Last time I told you that North Wales is on the Lonely Planet list of the top ten places to visit next year. One reason why North Wales was on that list is because of new attractions here. We have, for example, the fastest zip-wire ride  in the world, and the longest in Europe. There’s another zip-wire ride underground in the old slate mines. There’s also an underground trampoline, and an indoor surfing lake. A lot of tourists like this sort of thing, but other people come to North Wales to walk or to cycle and to enjoy the natural beauty of the place. There should be enough room for different types of tourism here. However, close to  where I live a company wanted to open a Zorbing Centre. Zorbing is a sport activity. It was developed in New Zealand, like bungee jumping. You roll inside a big, transparent  plastic ball down a slope . Do you know this sport? Our local problem was that the developers  wanted to build a zorbing centre in one of the most beautiful places in North Wales. It was going to be in a field next to Church Island, the island with the little church. I’ve told you about it before. We have an Association of Friends to look after it, and the Friends don’t want a zorbing centre right next to this peaceful and beautiful place. We say that there’s nothing wrong with zorbing but this is not the right place to build a centre. We wrote letters of protest and last week we finally got a planning decision from the County Council – that’s the local government. The application was refused. No zorbing centre next to Church Island. Good news!
The other thing on the last show was the pub quiz question. I asked about an environmental problem with coffee in Hamburg. I asked: What does the City of Hamburg not like? What have they banned  from their buildings? The answer was coffee capsules . Nespresso was the first coffee machine system that used them. Thanks to all of you who wrote. A lot of you had the right answer. There was even an answer from an English conversation class – I’m glad I could give you something to talk about! And Kurt had a question about castles near Liverpool. I’ll give you an answer in my next show.
Finally for today, here’s my last pub question for 2016. It’s a question about numbers. I’ve tried to learn different languages during my life. For example, I went to Japanese classes for six months at the Club School in Zurich. I learnt quite a bit, and it was very useful when I went to Japan, but now I’ve forgotten everything. I usually forget these languages, because I don’t use them, but I can often remember some words like numbers. So I’m going to give you the numbers 1, 2, 3, 4, 5 in three different languages. Can you tell me which languages I’m counting  in? My pronunciation is probably not very good, but here’s the first: yksi, kaksi, kolme, neljä, viisi. Here’s the second: ek, do, teen, chaar, paanch. And the third: un, dau, tri, pedwar, pump.
And that’s it for today. I wish you all the best for the festive season. Send me your pub quiz answers to the website podclub.ch, or you can use Twitter. My Twitter address is @gerrypod. Remember also that you can listen to me with the PodClub app, and you can find the vocabulary learning programme on the app. I won’t be back till 3rd February! So till then, thanks for listening and … Happy New Year!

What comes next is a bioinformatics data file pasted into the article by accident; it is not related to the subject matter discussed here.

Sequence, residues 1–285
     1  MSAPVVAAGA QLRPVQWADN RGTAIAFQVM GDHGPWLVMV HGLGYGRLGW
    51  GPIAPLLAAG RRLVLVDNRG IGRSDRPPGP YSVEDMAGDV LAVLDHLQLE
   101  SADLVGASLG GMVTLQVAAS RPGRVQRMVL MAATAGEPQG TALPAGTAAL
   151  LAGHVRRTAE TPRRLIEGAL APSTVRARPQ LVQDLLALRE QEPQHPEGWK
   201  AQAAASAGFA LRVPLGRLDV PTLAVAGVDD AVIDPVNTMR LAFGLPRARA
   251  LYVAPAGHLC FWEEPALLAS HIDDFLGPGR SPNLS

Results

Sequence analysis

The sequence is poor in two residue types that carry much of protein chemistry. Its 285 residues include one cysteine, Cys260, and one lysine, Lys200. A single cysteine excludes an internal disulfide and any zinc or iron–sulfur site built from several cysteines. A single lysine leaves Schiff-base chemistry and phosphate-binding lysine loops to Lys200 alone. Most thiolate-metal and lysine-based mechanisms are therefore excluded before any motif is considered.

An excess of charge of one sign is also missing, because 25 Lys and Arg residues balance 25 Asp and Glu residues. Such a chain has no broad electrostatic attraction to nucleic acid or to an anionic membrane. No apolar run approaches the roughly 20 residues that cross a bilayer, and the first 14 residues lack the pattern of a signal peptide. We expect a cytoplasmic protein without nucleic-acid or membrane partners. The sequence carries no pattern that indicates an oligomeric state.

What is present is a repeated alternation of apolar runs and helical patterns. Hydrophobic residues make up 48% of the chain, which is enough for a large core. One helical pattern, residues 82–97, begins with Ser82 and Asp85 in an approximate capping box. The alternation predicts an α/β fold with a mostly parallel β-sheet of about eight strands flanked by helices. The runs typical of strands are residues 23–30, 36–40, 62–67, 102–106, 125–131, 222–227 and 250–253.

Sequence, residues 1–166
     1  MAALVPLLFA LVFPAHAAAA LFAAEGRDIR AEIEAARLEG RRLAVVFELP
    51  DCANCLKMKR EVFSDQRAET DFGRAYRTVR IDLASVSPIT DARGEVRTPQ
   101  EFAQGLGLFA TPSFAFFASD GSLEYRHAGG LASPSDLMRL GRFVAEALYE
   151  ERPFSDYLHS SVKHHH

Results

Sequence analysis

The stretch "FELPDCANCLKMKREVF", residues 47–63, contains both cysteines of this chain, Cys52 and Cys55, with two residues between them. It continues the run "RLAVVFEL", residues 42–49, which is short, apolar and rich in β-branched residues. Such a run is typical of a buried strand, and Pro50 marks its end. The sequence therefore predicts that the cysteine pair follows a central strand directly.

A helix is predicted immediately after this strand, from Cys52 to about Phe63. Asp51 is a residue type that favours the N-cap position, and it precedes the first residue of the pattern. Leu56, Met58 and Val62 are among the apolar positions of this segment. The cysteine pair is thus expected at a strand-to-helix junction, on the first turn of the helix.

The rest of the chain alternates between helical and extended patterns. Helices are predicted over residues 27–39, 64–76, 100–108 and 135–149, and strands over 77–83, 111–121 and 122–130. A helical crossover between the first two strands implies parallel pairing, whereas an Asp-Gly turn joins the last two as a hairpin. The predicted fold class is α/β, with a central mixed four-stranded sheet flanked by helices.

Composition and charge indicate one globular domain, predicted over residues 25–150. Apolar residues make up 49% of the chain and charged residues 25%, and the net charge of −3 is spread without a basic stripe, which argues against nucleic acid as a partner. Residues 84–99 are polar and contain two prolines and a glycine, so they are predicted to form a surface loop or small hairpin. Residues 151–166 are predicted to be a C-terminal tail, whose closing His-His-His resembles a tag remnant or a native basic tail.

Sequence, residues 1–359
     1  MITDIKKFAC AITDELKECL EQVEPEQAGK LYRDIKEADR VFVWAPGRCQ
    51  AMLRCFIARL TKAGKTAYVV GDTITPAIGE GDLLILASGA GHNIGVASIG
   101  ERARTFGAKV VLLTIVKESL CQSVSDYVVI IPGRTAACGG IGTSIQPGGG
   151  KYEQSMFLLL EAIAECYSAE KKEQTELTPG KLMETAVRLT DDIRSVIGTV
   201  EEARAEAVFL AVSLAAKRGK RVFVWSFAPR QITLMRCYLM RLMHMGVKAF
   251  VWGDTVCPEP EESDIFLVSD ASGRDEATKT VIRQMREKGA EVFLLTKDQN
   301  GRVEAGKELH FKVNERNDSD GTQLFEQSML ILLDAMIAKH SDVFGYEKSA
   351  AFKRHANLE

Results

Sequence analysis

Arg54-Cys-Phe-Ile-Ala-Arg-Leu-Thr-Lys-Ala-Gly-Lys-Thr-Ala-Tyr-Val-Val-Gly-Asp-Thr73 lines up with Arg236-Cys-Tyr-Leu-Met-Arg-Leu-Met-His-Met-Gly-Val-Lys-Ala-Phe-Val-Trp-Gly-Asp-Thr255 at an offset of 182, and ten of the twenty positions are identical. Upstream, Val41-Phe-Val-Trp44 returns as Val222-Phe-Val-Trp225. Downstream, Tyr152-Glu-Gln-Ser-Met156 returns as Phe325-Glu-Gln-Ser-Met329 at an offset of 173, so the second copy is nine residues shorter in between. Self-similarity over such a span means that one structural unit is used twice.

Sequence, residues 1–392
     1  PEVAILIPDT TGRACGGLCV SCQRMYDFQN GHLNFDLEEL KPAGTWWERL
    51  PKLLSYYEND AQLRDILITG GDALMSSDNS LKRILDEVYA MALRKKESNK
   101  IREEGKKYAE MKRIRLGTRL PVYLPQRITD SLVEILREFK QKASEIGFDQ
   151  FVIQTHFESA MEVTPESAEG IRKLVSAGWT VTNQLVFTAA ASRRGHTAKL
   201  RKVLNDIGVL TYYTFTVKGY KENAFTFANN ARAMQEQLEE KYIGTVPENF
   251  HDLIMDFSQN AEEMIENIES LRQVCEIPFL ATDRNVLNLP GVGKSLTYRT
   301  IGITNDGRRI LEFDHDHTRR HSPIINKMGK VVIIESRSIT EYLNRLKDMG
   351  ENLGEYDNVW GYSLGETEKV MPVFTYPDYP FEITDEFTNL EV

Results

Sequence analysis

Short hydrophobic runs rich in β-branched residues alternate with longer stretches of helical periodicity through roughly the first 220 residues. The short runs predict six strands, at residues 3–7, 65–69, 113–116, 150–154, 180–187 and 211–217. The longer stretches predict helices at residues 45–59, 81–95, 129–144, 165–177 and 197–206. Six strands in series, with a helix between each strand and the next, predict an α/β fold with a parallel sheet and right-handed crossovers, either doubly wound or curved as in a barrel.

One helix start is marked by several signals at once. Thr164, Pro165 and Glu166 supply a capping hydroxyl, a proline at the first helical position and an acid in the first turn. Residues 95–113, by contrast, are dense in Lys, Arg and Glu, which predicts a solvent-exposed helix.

to catch a cold: to get a virus that makes your nose run, makes you cough, gives you a sore throat, etc.
 under two weeks: less than two weeks
 present: a gift, something nice that you give to another person, for example at Christmas or on their birthday
 to sew: to make or repair things made with cloth, using a needle and thread
 century: a period of 100 years, but also 100 points in some games like cricket or snooker
 survey: a question or a list of questions that you ask a lot of people to find out what they think, like, etc.
 odd number: a whole number that cannot be divided exactly by another whole number, for example 1, 3, 5, 17, 25, etc.
 even number: a whole number that can be divided by another whole number, for example 2, 4, 6, 10, 22, etc.
 good: here in a moral sense: morally correct, friendly, nice, etc.
 brain: the part of our body inside our head that controls our thinking, etc.
 zip-wire ride: an attraction where you hang from a pulley (a wheel with a rope or cable round it) that runs down a long wire (See, for example, www.zipworld.co.uk)
 close to: near
 transparent: an adjective that means you can see through (it)
 slope: a piece of ground that goes down, for example on a hill (one end is higher than the other)
 developer: here: a person or company that buys land to put new buildings, etc. there
 to ban: to prohibit, to forbid, to not allow
 capsule: a small round container (Here: made out of plastic and metal, but the word also means a pharmaceutical product that you can swallow like a pill)
 to count: here: to say the numbers in the standard order from 1, 2, 3 up (NB When a space rocket is going to start there is a procedure where they “~ down”: 10, 9, 8, 7…)